I receive Google alerts for the word coincidence. I have good reason: My new book delves deeply into the topic and is titled with a quote by Albert Einstein, “Coincidence is God’s way of remaining anonymous.” (I always figured if you’re going to use a quote, use one from somebody really smart.)
My interest in coincidence began with the sequence of events that led me to raise $1 million for diabetes research. My four-year-old son was diagnosed with diabetes and I promised him I would work to end his daily injections. Then I was cast on Days of Our Lives, noticed that the actors sometimes traded recipes and came up with the idea to create a celebrity cookbook. Then a business card with the words “Expect a Miracle” appeared in my dressing room and twenty-four hours later I met the man who helped pay for the cookbook to be printed. Two editions of the Days of Our Lives Celebrity Cookbook raised $1 million for research. Coincidences accompanied my being given everything I needed to keep my promise to my son.
A series of extraordinary coincidences followed the success of the cookbook. Coincidence helped me find my hit song, “Friends and Lovers,” inspired a stranger in Nebraska to send me comforting letters during my secret separation and eventual divorce from actor Alan Thicke, led me to uncover and heal a long-forgotten childhood sexual abuse, and put my husband René in the seat beside me after he missed his flight, the only flight he’s ever missed.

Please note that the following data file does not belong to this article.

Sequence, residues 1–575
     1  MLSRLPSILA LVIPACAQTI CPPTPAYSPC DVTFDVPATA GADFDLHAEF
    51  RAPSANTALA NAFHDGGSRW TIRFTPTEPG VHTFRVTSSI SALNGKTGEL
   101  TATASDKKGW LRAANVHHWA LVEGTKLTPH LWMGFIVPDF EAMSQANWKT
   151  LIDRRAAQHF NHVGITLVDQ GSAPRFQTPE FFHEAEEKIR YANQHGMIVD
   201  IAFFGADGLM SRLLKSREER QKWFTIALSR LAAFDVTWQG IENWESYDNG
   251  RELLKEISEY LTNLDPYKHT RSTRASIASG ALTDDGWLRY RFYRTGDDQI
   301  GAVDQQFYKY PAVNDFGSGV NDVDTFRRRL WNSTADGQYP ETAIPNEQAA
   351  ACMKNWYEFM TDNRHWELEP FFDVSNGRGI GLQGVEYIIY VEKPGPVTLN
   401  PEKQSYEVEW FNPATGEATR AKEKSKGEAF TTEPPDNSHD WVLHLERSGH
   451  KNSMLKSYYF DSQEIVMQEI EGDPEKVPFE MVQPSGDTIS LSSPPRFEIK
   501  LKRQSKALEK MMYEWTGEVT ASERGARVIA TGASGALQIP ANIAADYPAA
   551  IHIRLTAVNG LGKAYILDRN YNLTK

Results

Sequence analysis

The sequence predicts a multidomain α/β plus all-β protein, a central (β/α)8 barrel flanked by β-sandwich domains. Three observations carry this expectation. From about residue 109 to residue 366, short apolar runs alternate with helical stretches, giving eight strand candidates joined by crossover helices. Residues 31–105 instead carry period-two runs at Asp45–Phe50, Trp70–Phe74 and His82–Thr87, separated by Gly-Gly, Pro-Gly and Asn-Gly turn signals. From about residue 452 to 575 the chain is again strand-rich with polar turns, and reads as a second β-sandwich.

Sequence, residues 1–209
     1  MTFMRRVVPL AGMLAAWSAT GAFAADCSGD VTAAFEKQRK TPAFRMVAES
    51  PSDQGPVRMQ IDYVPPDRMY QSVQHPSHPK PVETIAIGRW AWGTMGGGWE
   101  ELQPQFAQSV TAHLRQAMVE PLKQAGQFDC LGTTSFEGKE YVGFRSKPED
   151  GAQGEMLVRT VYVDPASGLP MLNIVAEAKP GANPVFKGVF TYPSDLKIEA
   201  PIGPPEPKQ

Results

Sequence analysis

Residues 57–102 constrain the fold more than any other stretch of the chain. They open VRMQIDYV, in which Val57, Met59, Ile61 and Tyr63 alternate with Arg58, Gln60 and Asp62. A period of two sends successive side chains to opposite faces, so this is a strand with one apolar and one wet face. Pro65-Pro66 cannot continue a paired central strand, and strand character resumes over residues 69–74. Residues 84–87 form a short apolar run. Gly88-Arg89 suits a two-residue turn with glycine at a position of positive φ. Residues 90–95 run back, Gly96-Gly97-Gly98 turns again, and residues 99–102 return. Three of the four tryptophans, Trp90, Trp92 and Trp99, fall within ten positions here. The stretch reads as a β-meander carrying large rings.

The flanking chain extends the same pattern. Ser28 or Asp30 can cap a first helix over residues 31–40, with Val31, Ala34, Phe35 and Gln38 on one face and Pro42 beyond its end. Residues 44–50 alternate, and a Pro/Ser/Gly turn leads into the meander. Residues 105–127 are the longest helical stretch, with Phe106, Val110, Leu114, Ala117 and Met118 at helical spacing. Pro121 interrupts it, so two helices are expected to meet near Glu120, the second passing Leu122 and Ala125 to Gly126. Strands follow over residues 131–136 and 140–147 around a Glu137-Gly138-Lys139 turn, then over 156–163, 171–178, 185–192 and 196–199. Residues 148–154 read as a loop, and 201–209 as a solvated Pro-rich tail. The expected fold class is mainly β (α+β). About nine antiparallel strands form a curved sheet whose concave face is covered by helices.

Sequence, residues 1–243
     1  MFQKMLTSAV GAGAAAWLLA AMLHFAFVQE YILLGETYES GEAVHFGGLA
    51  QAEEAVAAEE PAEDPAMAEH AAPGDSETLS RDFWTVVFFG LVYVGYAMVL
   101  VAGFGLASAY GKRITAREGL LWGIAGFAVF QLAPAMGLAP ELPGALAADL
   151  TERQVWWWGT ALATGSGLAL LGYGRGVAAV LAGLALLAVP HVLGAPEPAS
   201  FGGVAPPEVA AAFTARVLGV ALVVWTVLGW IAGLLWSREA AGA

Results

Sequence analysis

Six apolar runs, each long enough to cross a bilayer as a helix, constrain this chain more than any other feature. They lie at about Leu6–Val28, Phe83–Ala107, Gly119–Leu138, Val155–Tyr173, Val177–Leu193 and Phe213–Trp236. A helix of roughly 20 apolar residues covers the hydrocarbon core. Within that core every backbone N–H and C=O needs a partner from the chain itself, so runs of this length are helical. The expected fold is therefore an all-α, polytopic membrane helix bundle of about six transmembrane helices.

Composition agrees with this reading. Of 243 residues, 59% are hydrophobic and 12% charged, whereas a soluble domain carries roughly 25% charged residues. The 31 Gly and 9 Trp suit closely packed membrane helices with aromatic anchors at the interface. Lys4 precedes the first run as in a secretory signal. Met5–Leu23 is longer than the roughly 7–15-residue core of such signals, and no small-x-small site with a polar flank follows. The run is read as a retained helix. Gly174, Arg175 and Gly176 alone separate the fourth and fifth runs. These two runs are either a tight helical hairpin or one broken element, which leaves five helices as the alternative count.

And coincidences keep appearing. My dear sister Peggy spent the last six weeks of her three years journey with cancer at my mountain home. She and I worked with her naturopathic doctor to improve the quality of her days and we succeeded on some fronts, but the morning came when it was clear I must get her to the hospital.
We began the two-hour drive to Cedars-Sinai Medical Center, holding hands for most of the trip. The radio was off and in the silence I sent out a prayer request, “Peggy’s so frail. Please give her a gentle and compassionate doctor when we get to ER.”
Upon arrival, the admitting staff quickly triaged my sister to an examining room. As a nurse took Peggy’s vitals, a handsome man in a white coat entered the room. Looking up from the chart, he said, “Hello, Peggy. My name is Dr. Mestres.” Then he turned to me and asked, “And you are…? ”
“Her sister, Gloria.”
He paused and tilted his head slightly, “What’s your last name? ”
“Loring. Gloria Loring. ”
“Gloria, ” he said with a smile, “it’s Ricardo Mestres, from Disney.”
He explained to Peggy how, years ago, he and I had raised money for diabetes research when he was an executive at Disney Studios. Then he told us how he came to a decision to do something more with his life and quit Disney to go to medical school.
I remembered Ricardo for his patience and kindness in the midst of the occasional chaos of fundraising, and those virtues were in full force in his interaction with my sister that day. I asked for a gentle doctor for Peggy and I got the perfect one – one I already knew.
Disney movies are well known for everything working out beautifully in the end. And so it was with my sister’s last days. She was surrounded by compassionate medical staff and loving friends and family. She passed peacefully, attended by a coinciding of meaningful events… and a Disney moment.